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Granulocyte colony-stimulating factor: biology and clinical potential

  • Maryann Foote
  • Bertrand C. Liang
  • Jeffrey Crawford
  • Frankie A. Holmes
  • Michael Green
  • Frankie A. Holmes
  • Michael Green
  • George Morstyn
Chapter

Abstract

The study of hematopoiesis was greatly facilitated in the mid-1960s when techniques for studying hematopoietic cells in clonal culture were developed. Initially, serum or conditioned medium was added to cultures as a source of growth factors, the colony-stimulating factors (CSFs) [58]. One of the factors that was isolated, purified, cloned, and produced in commercial quantities was granulocyte-colony stimulating factor (G-CSF), a protein that acts on the neutrophil lineage to selectively stimulate the proliferation and differentiation of committed progenitor cells and activation of mature neutrophils (Fig. 1). A property that distinguished G-CSF from other CSFs and facilitated its purification, molecular cloning, and large-scale production in prokaryotic cells was its ability to induce terminal differentiation of a murine leukemic cell line (WEHI-3B). After observing that serum from endotoxin-treated mice was capable of causing the differentiation of a WEHI-3B myelomonocytic leukemic cell line, Metcalf [57] named the activity GM—DF (granulocyte-macrophage differentiating factor). Further analysis showed that this serum contained G—CSF as well as granulocyte-macrophage colony-stimulating factor (GM-CSF). Nicola et al. [70] further purified GCSF from medium conditioned by lung tissue of endotoxin-treated mice. This G-CSF could stimulate WEHI-3B cells as well as normal cells, supporting the formation of numerous small, neutrophil-containing colonies at a concentration similar to that needed for WEHI-3B differentiation [69]. Subsequently, murine G-CSF was identified as a protein and was shown to have both differentiation-inducing activity for WEHI-3B as well as granulocyte colony-stimulating activity in bone-marrow cells [70]. Other researchers, notably Asano et al. [4] and Welte et al. [105], found several human carcinoma cells that constitutively produce colony-stimulating factors. One of these factors was purified to apparent homogeneity from the conditioned medium of bladder carcinoma 5637 cells [105] or a squamous carcinoma cell line [73]. The purified CSF selectively stimulated neutrophilic granulocyte-colony formation from bone-marrow cells, so it was concluded that this factor was the human counterpart to mouse G-CSF. The protein initially identified as G-CSF was also called CSF-13 and Pluripoietin (pCSF).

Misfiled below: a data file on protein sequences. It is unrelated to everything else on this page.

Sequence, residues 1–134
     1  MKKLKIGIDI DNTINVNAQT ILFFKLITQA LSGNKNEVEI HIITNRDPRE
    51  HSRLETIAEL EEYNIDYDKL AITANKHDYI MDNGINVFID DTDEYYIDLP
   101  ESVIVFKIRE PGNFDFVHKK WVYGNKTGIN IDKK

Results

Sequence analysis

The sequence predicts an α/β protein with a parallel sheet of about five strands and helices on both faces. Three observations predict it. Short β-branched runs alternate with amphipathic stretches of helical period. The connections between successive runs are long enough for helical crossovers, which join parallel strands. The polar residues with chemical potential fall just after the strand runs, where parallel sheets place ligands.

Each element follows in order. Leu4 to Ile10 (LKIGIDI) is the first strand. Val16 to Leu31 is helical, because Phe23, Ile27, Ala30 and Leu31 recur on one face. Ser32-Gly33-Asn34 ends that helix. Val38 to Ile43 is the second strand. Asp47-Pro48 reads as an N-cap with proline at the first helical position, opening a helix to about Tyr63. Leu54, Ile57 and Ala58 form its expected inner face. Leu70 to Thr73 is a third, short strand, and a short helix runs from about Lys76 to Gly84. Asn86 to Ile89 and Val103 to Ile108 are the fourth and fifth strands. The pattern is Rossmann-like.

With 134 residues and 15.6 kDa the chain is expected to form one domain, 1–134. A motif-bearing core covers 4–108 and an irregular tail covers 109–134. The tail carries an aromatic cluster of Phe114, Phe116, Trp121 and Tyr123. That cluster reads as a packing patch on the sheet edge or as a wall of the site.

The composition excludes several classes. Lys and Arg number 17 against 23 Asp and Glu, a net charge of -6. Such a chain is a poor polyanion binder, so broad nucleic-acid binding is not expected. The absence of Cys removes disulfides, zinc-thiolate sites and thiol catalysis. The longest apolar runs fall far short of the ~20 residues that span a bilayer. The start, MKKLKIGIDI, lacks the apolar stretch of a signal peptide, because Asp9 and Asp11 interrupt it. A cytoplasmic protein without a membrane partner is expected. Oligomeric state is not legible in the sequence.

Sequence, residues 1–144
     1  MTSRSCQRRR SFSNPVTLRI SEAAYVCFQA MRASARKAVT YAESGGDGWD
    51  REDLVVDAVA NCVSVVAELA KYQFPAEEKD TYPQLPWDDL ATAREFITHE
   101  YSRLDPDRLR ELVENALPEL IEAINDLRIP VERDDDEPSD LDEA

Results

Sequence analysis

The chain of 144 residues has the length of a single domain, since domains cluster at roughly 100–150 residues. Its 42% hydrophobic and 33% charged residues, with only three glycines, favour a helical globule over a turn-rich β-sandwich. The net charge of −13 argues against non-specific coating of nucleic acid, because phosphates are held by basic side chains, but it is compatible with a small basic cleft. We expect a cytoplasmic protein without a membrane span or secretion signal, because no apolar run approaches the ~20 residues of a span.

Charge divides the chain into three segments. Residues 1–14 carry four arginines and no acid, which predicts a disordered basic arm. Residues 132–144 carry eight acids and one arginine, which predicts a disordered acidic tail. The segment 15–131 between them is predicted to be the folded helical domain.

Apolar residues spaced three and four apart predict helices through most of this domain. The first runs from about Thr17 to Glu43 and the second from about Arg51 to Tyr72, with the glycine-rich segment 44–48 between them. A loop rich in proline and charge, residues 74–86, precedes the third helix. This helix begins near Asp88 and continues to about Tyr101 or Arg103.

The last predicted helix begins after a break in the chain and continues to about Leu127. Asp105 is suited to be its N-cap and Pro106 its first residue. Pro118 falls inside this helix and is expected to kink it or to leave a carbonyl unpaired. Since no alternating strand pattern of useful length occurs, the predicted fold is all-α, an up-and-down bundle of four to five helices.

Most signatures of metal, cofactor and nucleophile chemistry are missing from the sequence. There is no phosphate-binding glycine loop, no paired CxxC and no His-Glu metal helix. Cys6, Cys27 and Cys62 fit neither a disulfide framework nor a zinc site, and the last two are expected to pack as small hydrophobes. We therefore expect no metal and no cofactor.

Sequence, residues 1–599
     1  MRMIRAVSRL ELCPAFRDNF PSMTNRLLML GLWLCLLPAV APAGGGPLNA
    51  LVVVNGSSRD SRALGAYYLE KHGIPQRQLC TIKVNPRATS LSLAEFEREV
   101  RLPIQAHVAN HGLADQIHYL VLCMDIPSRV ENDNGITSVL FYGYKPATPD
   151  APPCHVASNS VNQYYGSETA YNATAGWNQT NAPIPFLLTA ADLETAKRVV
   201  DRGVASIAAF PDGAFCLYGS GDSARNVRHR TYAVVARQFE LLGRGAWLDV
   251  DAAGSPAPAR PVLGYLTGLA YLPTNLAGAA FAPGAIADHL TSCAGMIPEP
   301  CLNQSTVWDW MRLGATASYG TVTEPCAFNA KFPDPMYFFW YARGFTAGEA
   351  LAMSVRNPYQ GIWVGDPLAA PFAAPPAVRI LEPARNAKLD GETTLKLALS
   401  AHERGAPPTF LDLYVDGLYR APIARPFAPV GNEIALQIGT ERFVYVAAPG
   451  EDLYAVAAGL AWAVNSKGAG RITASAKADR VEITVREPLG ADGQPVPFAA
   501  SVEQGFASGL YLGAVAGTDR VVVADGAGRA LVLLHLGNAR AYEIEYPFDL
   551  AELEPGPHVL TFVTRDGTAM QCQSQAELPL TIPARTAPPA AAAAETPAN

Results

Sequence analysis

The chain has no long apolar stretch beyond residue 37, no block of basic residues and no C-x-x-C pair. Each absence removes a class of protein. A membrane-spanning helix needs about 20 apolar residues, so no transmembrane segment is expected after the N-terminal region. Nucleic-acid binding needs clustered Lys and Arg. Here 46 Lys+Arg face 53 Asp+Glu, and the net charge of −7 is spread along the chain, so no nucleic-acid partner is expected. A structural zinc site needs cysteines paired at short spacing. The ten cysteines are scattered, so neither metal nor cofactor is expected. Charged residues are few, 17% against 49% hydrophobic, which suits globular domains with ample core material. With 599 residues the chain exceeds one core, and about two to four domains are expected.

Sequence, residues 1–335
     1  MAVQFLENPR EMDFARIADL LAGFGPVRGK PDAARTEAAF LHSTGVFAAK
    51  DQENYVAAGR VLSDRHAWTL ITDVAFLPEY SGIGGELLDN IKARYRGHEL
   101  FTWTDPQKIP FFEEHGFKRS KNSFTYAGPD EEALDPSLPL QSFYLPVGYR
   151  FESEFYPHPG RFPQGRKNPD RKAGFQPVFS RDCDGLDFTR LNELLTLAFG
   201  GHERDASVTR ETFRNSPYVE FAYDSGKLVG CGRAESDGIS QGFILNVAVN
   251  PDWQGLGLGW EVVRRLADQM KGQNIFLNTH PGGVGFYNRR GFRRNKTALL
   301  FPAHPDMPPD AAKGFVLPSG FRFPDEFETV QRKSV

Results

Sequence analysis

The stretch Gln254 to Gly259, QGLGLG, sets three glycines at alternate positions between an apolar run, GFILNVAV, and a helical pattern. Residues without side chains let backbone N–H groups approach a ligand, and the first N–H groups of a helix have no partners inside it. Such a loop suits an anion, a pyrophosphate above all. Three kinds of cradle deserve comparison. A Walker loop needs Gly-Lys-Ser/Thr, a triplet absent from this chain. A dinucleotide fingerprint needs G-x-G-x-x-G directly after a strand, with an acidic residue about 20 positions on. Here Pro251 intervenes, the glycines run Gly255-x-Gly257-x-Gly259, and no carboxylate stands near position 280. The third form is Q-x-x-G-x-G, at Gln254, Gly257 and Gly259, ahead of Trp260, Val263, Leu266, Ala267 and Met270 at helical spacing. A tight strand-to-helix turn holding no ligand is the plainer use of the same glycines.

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© Springer Science+Business Media Dordrecht 2003

Authors and Affiliations

  • Maryann Foote
  • Bertrand C. Liang
  • Jeffrey Crawford
  • Frankie A. Holmes
  • Michael Green
  • Frankie A. Holmes
  • Michael Green
  • George Morstyn

There are no affiliations available

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